Measurement of Temperature Field in Surface Grinding Using Infra-Red (IR) Imaging System

[+] Author and Article Information
Jihong Hwang, Sridhar Kompella, Srinivasan Chandrasekar

School of Industrial Engineering, 1287 GRIS

Thomas N. Farris

School of Aeronautics and Astronautics Engineering, 1282 GRIS, Purdue University West Lafayette, IN 47907-1287

J. Tribol 125(2), 377-383 (Mar 19, 2003) (7 pages) doi:10.1115/1.1537748 History: Received February 19, 2002; Revised July 30, 2002; Online March 19, 2003
Copyright © 2003 by ASME
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Grahic Jump Location
Schematic of the setup used for grinding temperature measurement. The imaging system is stationary while the workpiece moves through the area of interest (AOI).
Grahic Jump Location
Calibration curves relating differential intensity (I) to temperature (T). Two replicates are shown as a measure of repeatability of the calibration procedure. The equation of the least-squares polynomial fit of the resultant calibration curve is also given in the figure.
Grahic Jump Location
Differential intensity and temperature fields for constant depth grinding. The workpiece is moving to the right in the figure. Δd is the actual depth of cut or material removed; Δd=16.4 μm: (a) differential intensity; and (b) temperature.
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Line temperature profiles at different depths into the workpiece. The x-axis is parallel to the direction of grinding. Δd=16.4 μm.
Grahic Jump Location
Evolution of workpiece temperature field during a single grinding pass in constant depth grinding. The times shown are from the start of the grinding pass. Δd=16.4 μm. The workpiece is moving to the right in the figure: (a) t=0.10 s from start of grinding; (b) t=0.30 s from start of grinding; and (c) t=0.50 s from start of grinding.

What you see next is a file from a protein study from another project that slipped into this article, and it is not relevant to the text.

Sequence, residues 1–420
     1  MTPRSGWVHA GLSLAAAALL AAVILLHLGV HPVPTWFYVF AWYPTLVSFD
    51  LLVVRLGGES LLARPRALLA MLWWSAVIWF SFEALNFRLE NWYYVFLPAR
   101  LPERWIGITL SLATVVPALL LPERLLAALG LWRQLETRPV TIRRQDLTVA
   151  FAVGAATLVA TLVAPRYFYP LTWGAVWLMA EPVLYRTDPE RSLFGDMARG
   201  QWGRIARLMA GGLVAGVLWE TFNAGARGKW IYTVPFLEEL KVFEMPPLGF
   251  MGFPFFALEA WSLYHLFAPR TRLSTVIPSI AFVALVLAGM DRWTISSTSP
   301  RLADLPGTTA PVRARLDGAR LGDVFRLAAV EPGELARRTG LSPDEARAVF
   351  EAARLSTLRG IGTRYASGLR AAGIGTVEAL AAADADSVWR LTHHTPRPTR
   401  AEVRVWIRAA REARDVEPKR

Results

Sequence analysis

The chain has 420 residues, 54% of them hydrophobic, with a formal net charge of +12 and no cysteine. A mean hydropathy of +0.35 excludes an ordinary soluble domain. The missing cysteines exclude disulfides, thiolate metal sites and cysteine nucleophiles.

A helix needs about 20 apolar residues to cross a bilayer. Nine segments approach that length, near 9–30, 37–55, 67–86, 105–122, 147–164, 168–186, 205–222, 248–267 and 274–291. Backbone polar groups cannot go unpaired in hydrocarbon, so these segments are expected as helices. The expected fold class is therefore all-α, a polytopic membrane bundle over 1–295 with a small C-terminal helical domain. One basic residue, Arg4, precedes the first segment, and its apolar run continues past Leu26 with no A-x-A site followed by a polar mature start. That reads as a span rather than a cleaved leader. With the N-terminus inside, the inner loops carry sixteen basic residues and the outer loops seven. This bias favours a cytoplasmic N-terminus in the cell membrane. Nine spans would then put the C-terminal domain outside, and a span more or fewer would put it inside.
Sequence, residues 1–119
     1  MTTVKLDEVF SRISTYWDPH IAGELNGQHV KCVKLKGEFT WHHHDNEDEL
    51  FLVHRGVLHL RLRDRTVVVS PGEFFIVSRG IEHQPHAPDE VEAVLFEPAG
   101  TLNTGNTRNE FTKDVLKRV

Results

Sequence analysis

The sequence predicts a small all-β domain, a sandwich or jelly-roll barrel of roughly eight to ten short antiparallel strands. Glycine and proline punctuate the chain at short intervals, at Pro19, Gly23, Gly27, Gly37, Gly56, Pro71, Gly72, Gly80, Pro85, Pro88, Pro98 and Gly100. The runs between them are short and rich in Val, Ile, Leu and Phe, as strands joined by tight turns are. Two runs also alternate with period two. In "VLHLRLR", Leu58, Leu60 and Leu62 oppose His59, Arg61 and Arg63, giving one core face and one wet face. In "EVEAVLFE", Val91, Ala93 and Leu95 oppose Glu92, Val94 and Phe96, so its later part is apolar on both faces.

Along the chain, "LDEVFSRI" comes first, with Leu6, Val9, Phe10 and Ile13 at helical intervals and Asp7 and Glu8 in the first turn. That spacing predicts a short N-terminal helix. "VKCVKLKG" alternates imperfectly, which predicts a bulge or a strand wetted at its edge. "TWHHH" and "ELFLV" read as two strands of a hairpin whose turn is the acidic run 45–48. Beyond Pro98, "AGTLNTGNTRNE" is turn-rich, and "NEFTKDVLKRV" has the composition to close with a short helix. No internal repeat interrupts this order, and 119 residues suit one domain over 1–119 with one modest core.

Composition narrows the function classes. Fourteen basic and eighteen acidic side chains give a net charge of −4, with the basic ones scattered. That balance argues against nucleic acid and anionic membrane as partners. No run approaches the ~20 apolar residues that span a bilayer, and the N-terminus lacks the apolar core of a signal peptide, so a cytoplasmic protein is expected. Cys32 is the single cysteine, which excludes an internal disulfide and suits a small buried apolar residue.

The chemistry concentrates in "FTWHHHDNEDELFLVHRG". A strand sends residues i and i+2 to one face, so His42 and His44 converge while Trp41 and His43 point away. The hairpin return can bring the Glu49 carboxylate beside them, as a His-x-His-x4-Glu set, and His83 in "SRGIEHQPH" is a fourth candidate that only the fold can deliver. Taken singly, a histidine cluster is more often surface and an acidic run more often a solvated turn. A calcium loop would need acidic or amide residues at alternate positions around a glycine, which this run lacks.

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Variation of maximum temperature (Tmax) with depth into the workpiece for taper and constant depth grinding. The profiles shown for constant depth grinding are derived from Fig. 5 with Tmax being the maximum value of the temperature at a given depth into the workpiece. The profiles correspond to depths of cut of Δd=16.4 μm (constant depth) and Δd=15.7 μm (taper).
Grahic Jump Location
Sequence of workpiece temperature fields from a taper grinding test. Each frame in the sequence is measured at the specific depth of cut noted alongside the frame. Note the significant increase in workpiece temperature with increasing depth of cut. The workpiece is moving to the right in all of the frames: (a) Δd=7.7 μm; (b) Δd=10.8 μm; (c) Δd=13.8 μm; (d) Δd=16.3 μm; (e) Δd=20.0 μm; (f ) Δd=23.1 μm; (g) Δd=26.2 μm; (h) Δd=29.3 μm; and (i) Δd=31.8 μm.
Grahic Jump Location
Variation of maximum surface temperature with depth of cut for four replicate taper grinding tests. The smooth curve is a least-squares third-degree polynomial fit of the data. Note the excellent repeatability of the taper grinding test.
Grahic Jump Location
Variation of normal and tangential forces with depth of cut (Δd) in a taper grinding experiment. The data represent a moving average of the measured force data.
Grahic Jump Location
Variation of maximum temperature with depth into the workpiece for different depths of cut. Each curve in the figure corresponds to a specific depth of cut in the taper grinding test with Tmax being the maximum value of the temperature at a given depth into the workpiece. The profiles shown in the figure are derived from the temperature fields shown in Fig. 7.



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